read, think, evolve

Volume 1 Number 21                                                                        October 31, 2000

Samhain has arrived once again.  Tomorrow, All Hallows day marks the Celtic New Year.  Down through the eons this was the time when those of us in the northern hemisphere have concluded the harvests, butchered and salted all but the breeding stock we could feed through the winter, and prepared for the end of the old year and our first steps into the new one.  

Ultimately that is what I am grappling with here.  What do we need to harvest and take with us into the next eon.  Much of the Earth has been desecrated and turned into a wasteland, and we must look at what resources are going to be necessary to survive the harsh winter ahead of us.  What new tools and new ways must we find to help us to renew the Earth and ourselves, so that Spring will return, and the Earth and human beings flower once more?

Sacrifices will have to be made, just to survive.  The only question is will we be able to make them in time.  Maybe it's more appropriate to ask whether we will ever make them?  Will enough people wake up in time, notice that we are headed off a cliff, and turn the wheel in time?

It's scary to stare into the void and not know where the road will lead us, but to continue on the road we are traveling is to fulfill the promise of "Revelations" and I am not willing to sit idly be while the human race obliterates itself.

Enough stardust for this episode.

This week's rant is about antibiotics.  I've read at least a dozen articles in the past year on how micro organisms are rapidly evolving into variations that are immune to antibiotics.  (Interesting that micro organisms evolve faster than humans.)  Ultimately it was always hopeless that antibiotics would be a long term solution to anything, but they could have remained effective for a lot longer if we had handled them differently.  From what I've read the two primary reasons that the life cycle of antibiotics has been shortened are:  1.  Doctors have over prescribed them.  2.  They have been used by agriculture to add to feed and improve weight gains.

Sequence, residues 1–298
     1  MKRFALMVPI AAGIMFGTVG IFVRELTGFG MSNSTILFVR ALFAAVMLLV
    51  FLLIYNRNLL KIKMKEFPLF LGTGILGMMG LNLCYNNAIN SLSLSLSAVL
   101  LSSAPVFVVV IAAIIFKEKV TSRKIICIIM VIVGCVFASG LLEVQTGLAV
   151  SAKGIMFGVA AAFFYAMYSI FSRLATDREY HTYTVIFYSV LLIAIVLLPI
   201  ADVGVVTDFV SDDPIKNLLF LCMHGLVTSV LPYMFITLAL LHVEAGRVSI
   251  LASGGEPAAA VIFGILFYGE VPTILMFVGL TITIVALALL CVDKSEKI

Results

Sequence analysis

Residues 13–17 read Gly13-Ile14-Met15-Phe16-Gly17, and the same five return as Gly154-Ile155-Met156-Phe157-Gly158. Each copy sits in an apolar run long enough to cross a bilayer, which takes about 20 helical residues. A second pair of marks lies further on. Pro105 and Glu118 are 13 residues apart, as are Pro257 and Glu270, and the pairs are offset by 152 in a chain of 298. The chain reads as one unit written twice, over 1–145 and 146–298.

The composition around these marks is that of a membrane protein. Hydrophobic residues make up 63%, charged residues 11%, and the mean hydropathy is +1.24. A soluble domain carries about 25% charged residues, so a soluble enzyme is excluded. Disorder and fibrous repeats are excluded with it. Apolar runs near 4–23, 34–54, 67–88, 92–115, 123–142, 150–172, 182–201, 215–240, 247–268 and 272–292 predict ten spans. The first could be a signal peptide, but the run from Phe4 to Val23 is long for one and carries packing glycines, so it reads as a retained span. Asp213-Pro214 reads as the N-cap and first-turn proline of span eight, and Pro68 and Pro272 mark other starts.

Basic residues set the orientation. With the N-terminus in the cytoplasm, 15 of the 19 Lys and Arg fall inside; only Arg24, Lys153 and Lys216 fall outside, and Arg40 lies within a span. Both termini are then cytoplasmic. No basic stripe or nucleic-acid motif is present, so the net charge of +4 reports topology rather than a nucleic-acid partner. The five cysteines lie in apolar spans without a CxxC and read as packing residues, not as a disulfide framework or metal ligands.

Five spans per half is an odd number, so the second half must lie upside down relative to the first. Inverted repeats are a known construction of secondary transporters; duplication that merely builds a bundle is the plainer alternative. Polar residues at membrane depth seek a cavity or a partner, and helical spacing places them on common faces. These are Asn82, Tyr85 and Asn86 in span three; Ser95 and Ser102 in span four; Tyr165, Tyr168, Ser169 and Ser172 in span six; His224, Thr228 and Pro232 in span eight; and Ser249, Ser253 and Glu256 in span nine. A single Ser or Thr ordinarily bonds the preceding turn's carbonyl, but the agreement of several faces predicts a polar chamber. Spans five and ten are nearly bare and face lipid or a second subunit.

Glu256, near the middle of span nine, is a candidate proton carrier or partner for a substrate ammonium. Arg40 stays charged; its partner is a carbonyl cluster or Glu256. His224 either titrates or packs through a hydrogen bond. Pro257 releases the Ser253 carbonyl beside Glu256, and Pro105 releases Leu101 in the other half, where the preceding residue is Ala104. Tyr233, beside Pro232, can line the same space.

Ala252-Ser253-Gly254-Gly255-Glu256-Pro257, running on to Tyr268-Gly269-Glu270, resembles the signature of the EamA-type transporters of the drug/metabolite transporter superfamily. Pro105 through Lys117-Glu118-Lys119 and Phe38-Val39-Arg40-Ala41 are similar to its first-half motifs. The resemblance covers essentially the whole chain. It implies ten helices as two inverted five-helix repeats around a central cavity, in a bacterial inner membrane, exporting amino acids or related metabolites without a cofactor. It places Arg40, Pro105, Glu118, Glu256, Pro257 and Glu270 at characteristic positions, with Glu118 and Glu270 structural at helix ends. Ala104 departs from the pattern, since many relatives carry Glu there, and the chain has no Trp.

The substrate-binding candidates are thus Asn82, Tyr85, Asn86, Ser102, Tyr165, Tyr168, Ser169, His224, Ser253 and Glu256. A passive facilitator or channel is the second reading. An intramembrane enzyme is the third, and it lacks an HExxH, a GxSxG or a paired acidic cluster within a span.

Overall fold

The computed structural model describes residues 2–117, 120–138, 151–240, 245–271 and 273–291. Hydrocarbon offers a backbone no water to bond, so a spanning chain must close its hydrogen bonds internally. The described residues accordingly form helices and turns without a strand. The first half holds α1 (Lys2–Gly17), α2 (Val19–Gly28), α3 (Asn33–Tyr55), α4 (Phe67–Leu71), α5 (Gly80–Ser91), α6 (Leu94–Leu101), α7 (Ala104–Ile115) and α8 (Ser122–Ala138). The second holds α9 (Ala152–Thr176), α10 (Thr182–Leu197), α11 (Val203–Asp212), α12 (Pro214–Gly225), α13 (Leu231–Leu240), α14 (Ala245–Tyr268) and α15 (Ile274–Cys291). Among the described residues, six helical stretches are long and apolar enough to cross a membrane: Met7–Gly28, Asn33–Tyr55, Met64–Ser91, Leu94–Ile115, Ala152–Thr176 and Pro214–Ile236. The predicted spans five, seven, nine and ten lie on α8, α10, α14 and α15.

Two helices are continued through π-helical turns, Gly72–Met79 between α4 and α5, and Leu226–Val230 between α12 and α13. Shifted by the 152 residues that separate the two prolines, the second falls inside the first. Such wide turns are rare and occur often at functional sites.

Considering how much the drug companies complain about research and development costs I wonder why they lobbied governments to drag their feet and not do things to slow down the use of antibiotics?  The obvious answer is that investors have forced businesses to ignore long term strategies and focus on the next quarterly report.  With that focus it makes sense to sell as much as possible today, even though it would shorten the life cycle of each drug.  

Another possibility has occurred to me though.  Realistically, drug companies don't want cures.  The true profit cow is the drug that treats symptoms and creates addicts.  Antibiotics were cures, and what they need to maintain long term profits is drugs that merely treat the symptoms.  As such, their best long term strategy is to kill off antibiotics as fast as possible and replace them with drugs that will create lots of addicts.

I think the answer is to use government money to do research and focus on finding cures, but maybe that's hopeless.  I suppose the corporations would just buy off the researchers and create the situation that will make them the most money.  

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